First up is Nadine Jarvis. Nadine started the year by examining the concept and word ‘zero’. Although zero is essentially an immaterial concept, Nadine wanted to study it from a material basis – I’m guessing that this was to avoid falling into the trap of merely illustrating mathematical and philosophic concepts, but instead letting her design process embody the area of interest.
Nadine went through many material investigations about how materials marched towards nothingness – how they degrade and sublimate. At the early stage she also looked at death and re-birth, which took her to a series of investigations into the semi-mythical 21grms (the mysterious amount of weight lost at the moment of death – i.e. your soul). She then dropped this as a direction.
Nadine continued to experiment with materials that degraded, one of the material focuses for this was sellotape – which degrades under UV light. This is the point were she was most lost in the project; she was experimenting with materials but had no idea what it was she was designing (where it was situated, who is was for, what the material would do).
This is where she started drawing. As many of you know I’m rather obsessed by drawing, I think it’s essential within the design process, not just as a means to represent something, but as a way to think, to create, to ideate. Drawing allows wonderful leaps of thinking that can move a project into new and unknown territories. This is the part of Nadine’s project I’d like to highlight (when she showed me her drawings I got tingles down my spin – yes, I really do get this excited about drawing).
The first drawing shows her trying to find a context that has high levels of UV – i.e. the windowsill in your home, the drawing presents a couple of objects commonly found on a windowsill - a lamp, a photo frame and a vase.
In the next drawing the vase becomes a highbred between vase and urn (due to its shape and position on the windowsill), it also has a split line that runs down the centre of the urn/vase made out of sellotape – with the passage of time the sellotape degrades and the vase/urn splits, becoming useless. It is here that drawing (in the hands of Nadine) does its magic, the ideas that had been influencing and intriguing Nadine came together in a tiny moment, but this was enough to accelerate her project.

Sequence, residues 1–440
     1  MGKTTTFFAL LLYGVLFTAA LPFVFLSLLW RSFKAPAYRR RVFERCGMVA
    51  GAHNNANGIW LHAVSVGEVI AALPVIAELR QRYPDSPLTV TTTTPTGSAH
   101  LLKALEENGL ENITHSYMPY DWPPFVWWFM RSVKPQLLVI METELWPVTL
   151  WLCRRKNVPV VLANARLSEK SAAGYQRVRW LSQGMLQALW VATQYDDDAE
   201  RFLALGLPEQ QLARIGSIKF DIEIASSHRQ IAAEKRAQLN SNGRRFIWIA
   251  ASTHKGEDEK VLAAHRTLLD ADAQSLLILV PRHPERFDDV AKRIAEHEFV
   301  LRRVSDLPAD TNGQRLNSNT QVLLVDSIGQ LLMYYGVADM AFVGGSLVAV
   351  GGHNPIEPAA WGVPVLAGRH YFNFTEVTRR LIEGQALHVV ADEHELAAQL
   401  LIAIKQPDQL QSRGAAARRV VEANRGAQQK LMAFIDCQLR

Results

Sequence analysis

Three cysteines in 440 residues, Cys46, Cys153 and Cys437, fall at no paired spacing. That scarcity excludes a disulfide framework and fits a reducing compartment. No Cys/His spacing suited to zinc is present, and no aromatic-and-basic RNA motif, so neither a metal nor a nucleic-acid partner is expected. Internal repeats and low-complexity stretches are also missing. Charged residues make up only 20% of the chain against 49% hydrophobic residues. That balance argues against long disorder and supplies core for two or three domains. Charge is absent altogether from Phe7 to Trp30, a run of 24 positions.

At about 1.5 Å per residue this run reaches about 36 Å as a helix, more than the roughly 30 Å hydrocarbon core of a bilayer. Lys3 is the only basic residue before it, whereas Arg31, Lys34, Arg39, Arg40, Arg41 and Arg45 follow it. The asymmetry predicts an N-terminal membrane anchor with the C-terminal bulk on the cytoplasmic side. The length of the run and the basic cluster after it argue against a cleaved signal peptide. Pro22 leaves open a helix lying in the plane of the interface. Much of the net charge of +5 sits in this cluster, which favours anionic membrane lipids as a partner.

Nadine ended up designing three sets of memorials/urns for her final show. The first is closest to the initial drawing, it is called ‘Rest in Pieces’ and is a slip cast porcelain urn that hangs in tree, a thread biodegrades over a 2-3 year period, until the urn falls, smashes and scatters the ashes – leaving a small toggle with the initials of the deceased hanging in the tree.
The second object is similar and is called ‘Bird Feeder’, a proportion of the deceased ashes are mixed with bees wax and cast into mould. Over time birds land on the perch (inscribed with the deceased name) and slowly eats the feeder, completing a rather disturbing (but beautiful) circle of life.
The final object(s) is probably my favourite, because of its connection with drawing (if I die, I want this to happen to me!). ‘Carbon Copies’ is an urn/memorial in the form of a pencil case, the ashes from the body are turned into graphite (in the same way that they are for lifegem) and then made into pencils. An average size body makes approximately 250 pencils. The pencils are housed in an unopenable box that has a window to show the number of pencils left. As the pencils are used and sharpened, the box fills with the sharpenings (retaining all ‘left over’ elements). Nadine resisted designing the place of writing (the notebook, the diary etc.), which on reflection is one of the real strengths of the project, this leaves the act of using the pencils open (what would write or draw with your loved one?), retaining the individuals need to keep mourning personal and individual.
One of the things that most impressed me most is the way that Nadine managed to negotiate a difficult and sensitive issue with grace, humour and poetry.